That’s ’cause there is no one better!
|Our road has been bumpy for ten months now, after an unbelievably blissful eleven months ( starting October 2009). I’ve felt Jan distancing herself from me and my problems as her family’s problems impinge on her. The other day I told Jan that she was less than a complete girl friend to me, that I needed better; but between her and nothing, she was better than nothing. Today (Jun 2011) she said that I wouldn’t do better ’cause “There is no better!”
I don’t doubt she’s right: on this earth. (And, God do I love her today, 2013 Sept 19, even though she’s been out of the country for coming up on two months.
I don’t accept evidence obtained under torture!
|Phil Rose made that great joke (pretending to) explain his (pretend) rejection of “science.” (Of course lab techs torturing mice and canaries on a day to day basis is recent: industrial, and began in Germany! See Thomas Hager’s The Demon Under the Microscope. Think of mice deliberately diseased every time you take a Bayer aspirin.|
Jazz: Pain, heard beautifully.
|Basic Training, Fort Dix, freezing morning, we’re milling way underdressed for the New Jersey winter. I’m talking about jazz with some clown who was pretending to be an authority. “You can’t define jazz,” he said: the ten trillionth moron to repeat that saw.
Instantly I replied, “Jazz: pain heard beautifully.”
I had no advance answer, I didn’t know what I was going to say. I just knew I had to blow his arrogant prejudice against words and ideas out of the water.
Did he get it? I don’t think he heard me, I don’t think he was listening.
Listening! Now that’s what I’m talking about: listening.
2018 01 11 Parallel oxymoron:
Rejoicing in sorrow.
Bill Russell said back in the day about the Boston Celtics that they could play two black players at home, three when they were away and five when they were behind.
Every good deed gets punished.
|Now we’ve all heard that more than once — even though we’ll hear the complement that it reverses vastly more often: every good deed gets rewarded (or, I believe, for every drop of rain that falls, a flower grows). I doubt that Clark Terry thought we’d think he was being original: witty, yes, original, no: or rather — Original, yes; Unique, no. But I repeat it here, crediting the great trumpet player, because of the story that prompted it.
Miles Davis goes to Paris: Miles gets lionized (eventually, the French dubbed Miles a Knight of Malta): comes back to New York, gets bored, gets strung out, addicted. Clark Terry, also from St. Louis, older than Miles, a teacher and leader to Miles, sees Miles on the street: a mess. Clark Terry takes the enfant terrible back to his room: helps him out — food, shelter, clothing … Clark Terry goes out, comes back … His door is open … Everything is gone. No TV, no stereo … Clark Terry smiles, laughs at the memory, laughing at himself. Yeah, he shakes his head. “No good deed goes unpunished.”
Why is it that so many of the greatest artists, geniuses, have been such no good, stupid sons of bitches? Once upon a time, in the mid-1950s, I probably listened to more Clark Terry than to Miles Davis. But I haven’t listened to Clark Terry since then! I listen to Miles constantly: going on sixty years worth. Some single pieces I’ve listened to hundreds of times: many hundreds. I don’t mean background music; I mean listen: really listen. Clark Terry should go to heaven a hundred times faster than Miles. But God should leave heaven to Clark Terry and go to hell himself: be with Miles.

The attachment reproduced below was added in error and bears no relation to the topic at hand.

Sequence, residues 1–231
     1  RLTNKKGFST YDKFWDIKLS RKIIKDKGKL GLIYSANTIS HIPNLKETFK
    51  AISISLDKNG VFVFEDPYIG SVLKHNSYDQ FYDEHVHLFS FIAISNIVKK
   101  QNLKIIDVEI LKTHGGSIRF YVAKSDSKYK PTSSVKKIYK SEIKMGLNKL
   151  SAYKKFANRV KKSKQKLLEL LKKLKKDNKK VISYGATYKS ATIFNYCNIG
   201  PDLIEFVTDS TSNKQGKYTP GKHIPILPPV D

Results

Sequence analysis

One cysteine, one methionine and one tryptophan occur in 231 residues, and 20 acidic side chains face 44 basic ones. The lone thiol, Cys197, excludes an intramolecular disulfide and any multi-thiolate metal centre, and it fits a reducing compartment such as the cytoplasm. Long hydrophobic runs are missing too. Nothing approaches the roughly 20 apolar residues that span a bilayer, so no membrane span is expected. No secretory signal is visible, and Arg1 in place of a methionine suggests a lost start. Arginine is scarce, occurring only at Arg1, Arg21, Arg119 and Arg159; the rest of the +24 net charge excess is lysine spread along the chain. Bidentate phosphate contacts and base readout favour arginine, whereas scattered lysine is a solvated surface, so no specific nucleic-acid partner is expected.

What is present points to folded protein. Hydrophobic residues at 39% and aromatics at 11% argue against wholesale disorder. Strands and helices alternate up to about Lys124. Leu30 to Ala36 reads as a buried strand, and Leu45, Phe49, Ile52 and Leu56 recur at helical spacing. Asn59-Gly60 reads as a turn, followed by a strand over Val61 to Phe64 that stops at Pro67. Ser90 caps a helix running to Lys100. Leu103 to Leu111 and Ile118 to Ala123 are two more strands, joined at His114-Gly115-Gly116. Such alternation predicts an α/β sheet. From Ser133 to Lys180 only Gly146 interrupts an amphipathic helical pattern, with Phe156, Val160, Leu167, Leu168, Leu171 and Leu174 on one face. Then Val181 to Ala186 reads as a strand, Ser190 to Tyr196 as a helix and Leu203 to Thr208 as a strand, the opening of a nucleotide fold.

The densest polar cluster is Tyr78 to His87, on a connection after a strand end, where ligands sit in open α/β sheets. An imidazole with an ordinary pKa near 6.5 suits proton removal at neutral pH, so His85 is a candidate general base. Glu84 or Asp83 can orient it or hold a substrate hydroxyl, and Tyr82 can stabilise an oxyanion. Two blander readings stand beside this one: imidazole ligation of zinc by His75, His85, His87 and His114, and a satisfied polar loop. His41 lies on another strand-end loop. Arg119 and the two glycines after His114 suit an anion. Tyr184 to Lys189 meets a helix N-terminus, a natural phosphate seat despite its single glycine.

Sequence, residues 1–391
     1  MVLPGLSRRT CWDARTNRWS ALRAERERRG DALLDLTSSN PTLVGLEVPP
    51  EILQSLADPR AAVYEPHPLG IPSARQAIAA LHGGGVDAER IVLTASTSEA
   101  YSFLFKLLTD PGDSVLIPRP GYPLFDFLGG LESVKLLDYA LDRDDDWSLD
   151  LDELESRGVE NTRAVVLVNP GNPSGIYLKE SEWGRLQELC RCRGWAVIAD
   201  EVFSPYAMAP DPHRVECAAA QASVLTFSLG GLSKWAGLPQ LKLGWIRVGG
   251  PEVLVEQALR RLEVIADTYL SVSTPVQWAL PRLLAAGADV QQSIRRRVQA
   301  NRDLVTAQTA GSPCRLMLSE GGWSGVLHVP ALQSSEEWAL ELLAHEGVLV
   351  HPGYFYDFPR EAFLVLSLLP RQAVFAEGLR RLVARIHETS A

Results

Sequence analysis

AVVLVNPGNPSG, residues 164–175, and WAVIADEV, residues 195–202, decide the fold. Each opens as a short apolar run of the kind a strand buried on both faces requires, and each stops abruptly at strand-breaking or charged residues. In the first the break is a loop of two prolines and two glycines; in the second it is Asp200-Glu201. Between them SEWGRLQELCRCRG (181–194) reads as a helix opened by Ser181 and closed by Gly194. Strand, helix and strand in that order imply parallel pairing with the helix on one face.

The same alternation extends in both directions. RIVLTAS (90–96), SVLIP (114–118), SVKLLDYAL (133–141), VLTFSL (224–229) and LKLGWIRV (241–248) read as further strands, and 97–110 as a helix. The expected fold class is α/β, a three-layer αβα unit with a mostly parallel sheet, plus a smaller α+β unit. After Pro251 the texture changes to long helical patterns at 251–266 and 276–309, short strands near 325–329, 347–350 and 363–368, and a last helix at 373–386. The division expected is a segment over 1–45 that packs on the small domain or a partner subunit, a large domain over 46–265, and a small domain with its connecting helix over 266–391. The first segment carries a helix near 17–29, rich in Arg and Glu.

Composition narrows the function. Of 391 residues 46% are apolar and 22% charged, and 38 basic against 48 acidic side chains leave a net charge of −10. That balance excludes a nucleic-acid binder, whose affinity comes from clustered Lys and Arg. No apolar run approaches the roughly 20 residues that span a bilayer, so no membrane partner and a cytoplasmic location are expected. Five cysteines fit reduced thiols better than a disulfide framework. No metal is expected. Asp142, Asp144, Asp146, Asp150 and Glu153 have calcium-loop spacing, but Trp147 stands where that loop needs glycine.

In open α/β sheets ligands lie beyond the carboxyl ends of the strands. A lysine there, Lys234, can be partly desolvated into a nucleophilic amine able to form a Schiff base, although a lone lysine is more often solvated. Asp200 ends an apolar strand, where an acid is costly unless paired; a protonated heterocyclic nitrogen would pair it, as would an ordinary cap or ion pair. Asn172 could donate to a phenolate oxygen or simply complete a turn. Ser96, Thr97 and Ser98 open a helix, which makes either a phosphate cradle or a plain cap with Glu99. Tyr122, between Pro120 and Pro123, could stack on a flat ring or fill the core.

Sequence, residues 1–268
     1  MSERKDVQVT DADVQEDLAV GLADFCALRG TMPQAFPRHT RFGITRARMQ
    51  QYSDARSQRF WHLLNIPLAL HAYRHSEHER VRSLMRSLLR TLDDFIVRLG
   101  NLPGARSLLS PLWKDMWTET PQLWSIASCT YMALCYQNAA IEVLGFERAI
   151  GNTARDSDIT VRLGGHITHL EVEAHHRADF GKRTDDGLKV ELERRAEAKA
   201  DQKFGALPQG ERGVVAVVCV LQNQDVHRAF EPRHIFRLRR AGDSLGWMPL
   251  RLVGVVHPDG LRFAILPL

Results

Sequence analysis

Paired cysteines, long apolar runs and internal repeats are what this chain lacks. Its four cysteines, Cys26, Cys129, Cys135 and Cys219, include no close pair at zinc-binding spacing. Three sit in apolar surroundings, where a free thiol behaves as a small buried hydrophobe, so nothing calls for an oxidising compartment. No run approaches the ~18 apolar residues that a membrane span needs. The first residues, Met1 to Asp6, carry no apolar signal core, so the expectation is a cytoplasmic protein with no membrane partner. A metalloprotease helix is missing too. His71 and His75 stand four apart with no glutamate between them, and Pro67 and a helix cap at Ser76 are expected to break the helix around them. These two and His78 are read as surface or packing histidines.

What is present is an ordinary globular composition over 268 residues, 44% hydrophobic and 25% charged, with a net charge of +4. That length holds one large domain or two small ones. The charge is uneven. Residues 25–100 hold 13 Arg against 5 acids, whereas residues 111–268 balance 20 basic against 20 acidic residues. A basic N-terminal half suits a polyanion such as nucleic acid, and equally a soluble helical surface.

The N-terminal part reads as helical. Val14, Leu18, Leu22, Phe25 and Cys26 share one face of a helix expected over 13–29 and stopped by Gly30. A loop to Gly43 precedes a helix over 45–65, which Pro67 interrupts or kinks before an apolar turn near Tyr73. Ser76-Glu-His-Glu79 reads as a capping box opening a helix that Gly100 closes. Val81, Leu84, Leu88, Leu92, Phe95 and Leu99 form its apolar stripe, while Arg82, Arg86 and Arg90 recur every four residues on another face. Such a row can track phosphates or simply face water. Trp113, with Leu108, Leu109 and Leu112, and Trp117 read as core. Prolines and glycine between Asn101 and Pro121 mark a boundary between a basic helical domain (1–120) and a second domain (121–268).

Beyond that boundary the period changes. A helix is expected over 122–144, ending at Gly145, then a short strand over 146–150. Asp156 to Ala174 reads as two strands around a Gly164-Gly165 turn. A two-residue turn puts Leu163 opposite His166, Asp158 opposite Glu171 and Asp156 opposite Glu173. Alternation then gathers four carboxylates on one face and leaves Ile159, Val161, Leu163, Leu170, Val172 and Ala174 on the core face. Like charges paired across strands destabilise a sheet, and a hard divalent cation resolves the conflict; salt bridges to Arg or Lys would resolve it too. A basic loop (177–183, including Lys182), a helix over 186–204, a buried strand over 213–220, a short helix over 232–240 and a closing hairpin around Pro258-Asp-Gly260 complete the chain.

Stamp out Human Chauvinism.
|By 1971, soon after founding the Free Learning Exchange (offering to network entire populations) (in hope of obviating both school and government), I found myself invited to all sorts of meetings. My favorite of those turned out to be populated by anarchists (left wing anarchists, it turned out). The homosexual anarchists were the most visible (and vocal) but there were all sorts. One vegetarian anarchist wore a button that said Stamp out Human Chauvinism. Wow. I’ll never forget that guy.|
Erase your initials: and initial your erasure.
|Bureaucracies are great at making clerks leave a trail of initials. Bureaucracies have rigid procedures. The file must be processed at desk 1, then desk 2, then desk 3 … Each clerk at each desk has to initial his part of the work before some gofer transports the file to the next station. All the desks in Room B process and initial the file before some meta-gofer carries the work to Room C …
I’m pretty sure that I heard the following story when I was an army clerk at Whitehall Street, a bureaucracy run jointly by the army and the draft board and employing both army and civil service personnel:
Somehow, in Room N, the file which should have gone to Desk 1 of Room A, then A-desk 2, then A-desk 3 … has gone to A-desk 1, then A-desk 2, then A-desk 4. Some bureaucrat in Room X discovers that the procedure got misordered. Gofer X is sent to Gofer N. Gofer N takes the file to Gofer A. Gofer A takes the file to A-desk 4 and says, “Erase your initials: and initial your erasure.”
It’s understood that Gofer A will then take the file to A-desk 3, say the same thing, and then back on to A-desk 4.
See? Human bureaucracies imagine that mistakes of procedure can be corrected: all it takes is a little time travel: go back and save Abraham Lincoln from assassination. Failing that, rewrite history: pretend that you succeeded. All the historians, sitting at DC Desks 7, 8, 9 will cooperate. They’d better.
Imagine a chemical procedure which says First mix the A with the B, then set it on fire, then pour on the sulfuric acid … What if A and B are set on fire before they’re mixed? What if the acid is poured before they’re set aflame? Too late: can’t get the desired product by some magic procedure which pretends to reorder.
The society which tortures the messengers from Truth (God, Universe …) can’t dust him off and pretend the message was received.
Oh, they can try; but Truth (God, Universe …) isn’t fooled.PS: I’d have sworn I’d told that story at Knatz.com by now; but a search doesn’t turn it up. So I tell it again: to be sure.
I only lie when I have to.